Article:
“Can you see me?” I was writing.  “Can you see me at this desk and in this room?  Can you feel what I am feeling?  Wherever you are, you must hear me through this ink, these sentences, these fibres. You need to know I’m all around you; even if I’m gone, I’m here.  The dust – the fingerprints – the wayward hair – the fallen eyelash – the traces of my body – the tear of blood stained on a sheet somewhere – in a nook the broom neglected – in the objects I once handled.   I left before you came, but I’m beside you.”



As the weeks of Justine’s pregnancy progressed, I found myself in the study more and more, writing the story of my life.  With the blessing Justine had given me, I was able to write freely, including all the intimate details of our sexual relationship.  There was, however, one thing I did not write about and that was Sidney.  For fear that Justine would read my writing, I deliberately left him out.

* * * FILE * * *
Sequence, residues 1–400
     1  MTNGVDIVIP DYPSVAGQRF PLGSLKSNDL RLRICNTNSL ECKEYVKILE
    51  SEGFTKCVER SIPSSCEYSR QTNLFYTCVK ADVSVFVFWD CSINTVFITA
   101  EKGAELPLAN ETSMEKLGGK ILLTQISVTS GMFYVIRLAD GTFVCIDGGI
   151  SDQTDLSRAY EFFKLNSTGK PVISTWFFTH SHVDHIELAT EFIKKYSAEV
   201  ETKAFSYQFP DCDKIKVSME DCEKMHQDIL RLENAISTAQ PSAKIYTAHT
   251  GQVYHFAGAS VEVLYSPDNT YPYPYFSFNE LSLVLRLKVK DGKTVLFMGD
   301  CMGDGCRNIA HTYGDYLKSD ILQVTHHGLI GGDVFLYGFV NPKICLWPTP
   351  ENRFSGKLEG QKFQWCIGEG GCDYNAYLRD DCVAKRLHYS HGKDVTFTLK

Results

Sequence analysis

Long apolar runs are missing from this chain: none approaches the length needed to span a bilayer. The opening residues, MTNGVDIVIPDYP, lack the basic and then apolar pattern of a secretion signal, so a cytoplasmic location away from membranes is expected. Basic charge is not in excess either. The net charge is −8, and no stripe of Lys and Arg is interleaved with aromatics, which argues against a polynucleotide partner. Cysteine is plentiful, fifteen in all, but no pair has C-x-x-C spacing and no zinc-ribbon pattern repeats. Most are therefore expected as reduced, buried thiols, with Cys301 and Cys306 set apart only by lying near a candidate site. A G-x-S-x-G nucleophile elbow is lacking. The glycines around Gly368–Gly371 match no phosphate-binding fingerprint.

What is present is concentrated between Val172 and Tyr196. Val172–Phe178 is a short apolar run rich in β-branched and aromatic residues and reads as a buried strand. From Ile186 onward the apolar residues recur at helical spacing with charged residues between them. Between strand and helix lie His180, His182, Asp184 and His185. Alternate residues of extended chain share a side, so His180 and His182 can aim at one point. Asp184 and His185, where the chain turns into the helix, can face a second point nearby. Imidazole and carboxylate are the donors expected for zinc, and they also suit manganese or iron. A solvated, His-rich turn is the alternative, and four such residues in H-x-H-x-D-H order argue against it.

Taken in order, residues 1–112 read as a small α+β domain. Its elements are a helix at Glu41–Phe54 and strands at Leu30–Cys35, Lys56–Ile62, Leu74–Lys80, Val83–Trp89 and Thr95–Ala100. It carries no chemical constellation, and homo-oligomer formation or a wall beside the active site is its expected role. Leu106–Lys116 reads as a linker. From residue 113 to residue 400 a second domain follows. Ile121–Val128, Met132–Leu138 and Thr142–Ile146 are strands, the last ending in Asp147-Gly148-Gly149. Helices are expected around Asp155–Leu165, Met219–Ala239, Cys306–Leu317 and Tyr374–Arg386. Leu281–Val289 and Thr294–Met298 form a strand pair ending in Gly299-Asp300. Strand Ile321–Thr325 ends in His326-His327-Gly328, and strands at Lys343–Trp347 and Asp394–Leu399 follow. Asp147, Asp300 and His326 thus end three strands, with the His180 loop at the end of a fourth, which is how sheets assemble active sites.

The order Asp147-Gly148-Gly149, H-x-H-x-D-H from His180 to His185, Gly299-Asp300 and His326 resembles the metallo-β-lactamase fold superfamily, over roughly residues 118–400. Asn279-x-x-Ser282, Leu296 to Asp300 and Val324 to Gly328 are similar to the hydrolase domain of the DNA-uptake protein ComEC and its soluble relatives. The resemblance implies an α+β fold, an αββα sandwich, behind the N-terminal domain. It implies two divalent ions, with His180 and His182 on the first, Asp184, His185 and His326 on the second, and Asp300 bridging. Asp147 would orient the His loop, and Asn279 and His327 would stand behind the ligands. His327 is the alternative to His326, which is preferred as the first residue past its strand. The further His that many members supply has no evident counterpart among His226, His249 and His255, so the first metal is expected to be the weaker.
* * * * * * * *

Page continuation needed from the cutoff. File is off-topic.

That wasn’t to say that there was no record of our love story in the house.

It was there for anyone who might ever suspect.

And, just because it wasn’t on the page, didn’t mean that it wasn’t in my heart.

The rationale I gave myself about the truth is that it had to be discovered.  A writer couldn’t reveal every secret.  The reader had to work for something.  And with the growing story of my life, there’d be a space where Sidney lay.  But not just lay.  In the gaps between the letters of the alphabet, Sid would be there laughing, loving, pulsing in my shadow.  I’d be split asunder as I chose to be with Ada and our fictitious infant, wishing I could be with Sid.  In the study, I’d write him as my dearest friend, leaving our fantastic union up to the imagination. In doing so, I’d trust whoever would understand that there is more truth in hallucination never inked than in a library filled with pages.